To ease my mind and elevate my comfort level, I visited and revisited the Bluesfest website to try and wrap my head around their Accessibility Policy and provisions for people with special needs.  The festival is sanctioned and sponsored by the City of Ottawa and must abide by our provincial Accessibility for Ontarians with Disabilities Act (AODA) http://www.aoda.ca/.   However, it was ironic how little detail there was generally addressing accessibility and special needs issues and specifically on how to plan ahead to locate/secure safe, adequate and equitable seating areas.  Their policy is prefaced as follows: The Ottawa Bluesfest is committed to providing accessible customer service to people with disabilities; in a manner that respects their dignity, independence, integration and that is equitable in relation to the broader public. The festival permits people with disabilities to use assistive devices, service animals and/or support personnel. The festival has established an Accessibility volunteer team (A-Team) who provide support and feedback to continually improve the accessibility of the event. A-Team volunteers will be roaming the site to offer support, and stationed in the A-Team Tent (near the Info Booth) to offer guidance and light support as needed. http://www.ottawabluesfest.ca/accessibility-policy/

Unfortunately, as my past 32 years of living with a disability would indicate, what organization’s say verses what they actually do often defies basic logic.  Case in point; while the organizers listed the phone number of their Director of Operations for customers to provide feedback on how Bluesfest provides goods and services to people with disabilities (PWD’s) there was no obvious contact information on who to call for the many other queries honouring their commitment to accommodating people with special needs.  Being proactive I called their general inquiry number which no one answered and after repeated VM messages I got frustrated and gave up trying to connect with a human voice.  My various concerns centered on vital matters such as navigating the large crowds in my power wheelchair, the location of all designated accessible seating areas and of course availability of larger, accessible washroom facilities.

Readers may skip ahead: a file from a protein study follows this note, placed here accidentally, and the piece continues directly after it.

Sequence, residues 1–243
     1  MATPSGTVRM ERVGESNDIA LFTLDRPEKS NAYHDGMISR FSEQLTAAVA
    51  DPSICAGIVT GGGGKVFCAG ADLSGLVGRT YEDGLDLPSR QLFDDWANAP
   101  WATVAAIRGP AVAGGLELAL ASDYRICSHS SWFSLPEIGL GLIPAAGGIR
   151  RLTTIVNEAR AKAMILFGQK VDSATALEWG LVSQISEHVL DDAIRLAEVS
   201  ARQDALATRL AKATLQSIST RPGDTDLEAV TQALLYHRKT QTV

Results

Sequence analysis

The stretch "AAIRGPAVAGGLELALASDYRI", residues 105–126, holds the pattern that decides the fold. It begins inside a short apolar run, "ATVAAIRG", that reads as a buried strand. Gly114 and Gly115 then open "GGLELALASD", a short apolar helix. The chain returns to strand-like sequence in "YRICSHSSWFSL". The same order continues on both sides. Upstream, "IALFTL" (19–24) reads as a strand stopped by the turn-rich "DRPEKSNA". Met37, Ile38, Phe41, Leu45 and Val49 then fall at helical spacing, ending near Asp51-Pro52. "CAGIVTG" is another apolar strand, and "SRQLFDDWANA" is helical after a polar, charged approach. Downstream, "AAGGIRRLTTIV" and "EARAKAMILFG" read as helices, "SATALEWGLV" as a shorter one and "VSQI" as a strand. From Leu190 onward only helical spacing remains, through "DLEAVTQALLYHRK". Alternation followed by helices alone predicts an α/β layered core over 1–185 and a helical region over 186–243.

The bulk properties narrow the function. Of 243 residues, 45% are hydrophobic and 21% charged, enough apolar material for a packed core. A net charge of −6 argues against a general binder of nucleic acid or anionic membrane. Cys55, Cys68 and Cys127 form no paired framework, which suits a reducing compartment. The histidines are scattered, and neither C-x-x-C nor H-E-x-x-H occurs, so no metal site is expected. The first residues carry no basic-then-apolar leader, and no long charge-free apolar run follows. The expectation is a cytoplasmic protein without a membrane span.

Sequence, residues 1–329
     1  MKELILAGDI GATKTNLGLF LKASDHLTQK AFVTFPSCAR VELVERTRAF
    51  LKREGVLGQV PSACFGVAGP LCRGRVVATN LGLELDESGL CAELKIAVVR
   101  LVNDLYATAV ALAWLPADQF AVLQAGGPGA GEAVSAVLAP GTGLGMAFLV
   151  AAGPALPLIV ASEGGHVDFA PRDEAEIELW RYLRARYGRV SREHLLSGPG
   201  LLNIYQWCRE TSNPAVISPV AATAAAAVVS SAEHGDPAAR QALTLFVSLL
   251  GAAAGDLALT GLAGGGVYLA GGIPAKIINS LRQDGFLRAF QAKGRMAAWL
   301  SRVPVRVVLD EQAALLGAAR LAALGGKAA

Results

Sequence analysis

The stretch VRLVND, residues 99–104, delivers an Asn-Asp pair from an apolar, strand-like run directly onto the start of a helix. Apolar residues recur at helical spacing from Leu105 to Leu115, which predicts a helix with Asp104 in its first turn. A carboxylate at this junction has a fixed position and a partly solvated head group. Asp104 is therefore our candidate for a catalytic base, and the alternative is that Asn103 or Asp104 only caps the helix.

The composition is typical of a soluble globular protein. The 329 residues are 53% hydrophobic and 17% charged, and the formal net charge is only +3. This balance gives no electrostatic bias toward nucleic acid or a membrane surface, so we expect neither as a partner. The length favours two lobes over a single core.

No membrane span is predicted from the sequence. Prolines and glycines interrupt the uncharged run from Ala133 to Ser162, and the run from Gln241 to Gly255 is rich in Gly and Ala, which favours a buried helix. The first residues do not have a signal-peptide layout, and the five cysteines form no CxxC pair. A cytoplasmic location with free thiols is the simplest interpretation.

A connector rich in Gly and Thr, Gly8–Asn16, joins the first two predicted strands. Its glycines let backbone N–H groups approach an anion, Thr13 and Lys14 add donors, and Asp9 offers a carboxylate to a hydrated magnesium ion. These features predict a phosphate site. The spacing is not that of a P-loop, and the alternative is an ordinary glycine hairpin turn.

With all of the unprecedented rainfall throughout the spring and into early summer here in the nation’s capital it was challenging to remain optimistic and feel confident that summer would ever arrive or that the sun would eventually make an appearance.  But, sure enough just as Bluesfest kicked off in the second week of July we had our first sustained warm patch which brightened up all of us Ottawans and helped to energize the vibe around the music festival.  We woke up Sunday morning July 16th to a glorious day with plenty of sun and warmth excited to attend our long awaited Tom Petty’s 40th anniversary tour concert.  Since I was likely to consume a few “alcoholic beverages” we planned ahead opting to a take a Para Transpo bus to and from the venue at Labretton Flats.